The entrance to the venue for last Friday’s Australian launch of Montblanc’s UNICEF collection was unassuming: commuters and shoppers on Melbourne’s busy Chapel street walked right past the narrow door wedged between two shopfronts. Blink and you’d miss it – we nearly did. A discreet sign was the only clue. But as soon as the door opened we knew we were in the right place. The narrow stairs of the Victorian terrace were littered with art – a Degas bronze on the landing and floor to ceiling canvases on the walls. As we reached the top of the stairs it was clear we had left Melbourne far behind, and were now in the Aladdin’s cave that is David Bromley’s personal studio. One of Australian’s best-known contemporary artists, Bromley’s work is instantly recognisable, full of bold colours and graphic lines. His painting and sculpture was everywhere in the studio: on walls and nestled in between displays of ethnographic artefacts, Venetian glass, giant Japanese bottles and art – everything from massive modernist oils, fine lithographs and pop culture prints was represented. In the middle of all this splendour – looking perfectly at home – was Montblanc.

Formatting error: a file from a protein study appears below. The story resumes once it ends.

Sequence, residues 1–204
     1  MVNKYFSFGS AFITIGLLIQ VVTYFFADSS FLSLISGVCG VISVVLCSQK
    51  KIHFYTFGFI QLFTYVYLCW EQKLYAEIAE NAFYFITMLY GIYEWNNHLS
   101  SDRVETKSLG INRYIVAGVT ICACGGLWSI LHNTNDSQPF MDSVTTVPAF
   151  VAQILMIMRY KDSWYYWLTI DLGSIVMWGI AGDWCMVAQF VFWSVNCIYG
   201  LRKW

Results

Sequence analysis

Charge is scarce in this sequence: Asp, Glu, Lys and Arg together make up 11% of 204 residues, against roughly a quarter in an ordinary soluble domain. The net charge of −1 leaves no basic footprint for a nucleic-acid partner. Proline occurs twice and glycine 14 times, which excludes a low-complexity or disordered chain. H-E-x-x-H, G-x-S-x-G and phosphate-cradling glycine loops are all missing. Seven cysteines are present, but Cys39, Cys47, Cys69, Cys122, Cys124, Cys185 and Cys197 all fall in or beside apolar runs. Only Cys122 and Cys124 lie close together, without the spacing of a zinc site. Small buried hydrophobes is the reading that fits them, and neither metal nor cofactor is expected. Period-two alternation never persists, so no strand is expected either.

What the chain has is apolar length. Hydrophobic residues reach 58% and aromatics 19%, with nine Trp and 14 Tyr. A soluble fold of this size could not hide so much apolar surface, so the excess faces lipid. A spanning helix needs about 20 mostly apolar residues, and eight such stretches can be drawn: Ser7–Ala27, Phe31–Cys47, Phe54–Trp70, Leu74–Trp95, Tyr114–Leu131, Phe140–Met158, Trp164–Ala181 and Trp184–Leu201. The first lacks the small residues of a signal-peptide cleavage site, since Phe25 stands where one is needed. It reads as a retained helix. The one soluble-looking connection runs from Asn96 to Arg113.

Lovingly displayed on long tables were leather goods, writing instruments and fine timepieces, many accented with a rosetta motif and the trademark bright blue of UNICEF. After all, while David and Yuge Bromley were hosting the evening on behalf of Montblanc, the reason for the evening was UNICEF, whose work with children – especially around literacy – Montblanc has been supporting for over a decade. Proceeds from this latest collection will go to programs in China, Djibouti and Brazil.
We heard from Montblanc Australia managing director, Leon Mervis, and general manager, Randall Foote, about the brand’s commitment to supporting culture and the arts, as well as the the vital importance of the written word, especially in the digital age. UNICEF board member Megan Quinn, who was a co-founder of Net-a-Porter, spoke about the humanitarian organisation’s global work, and the imperative to educate and advocate for children. David Bromley concluded the formal proceedings, speaking about his own education and the place children have in his practice – particularly in work inspired by children’s illustrations, an example of which guests had the opportunity to make their mark on later in the evening.
All in all it was a wonderful evening for a worthy cause, surrounded by incredible art.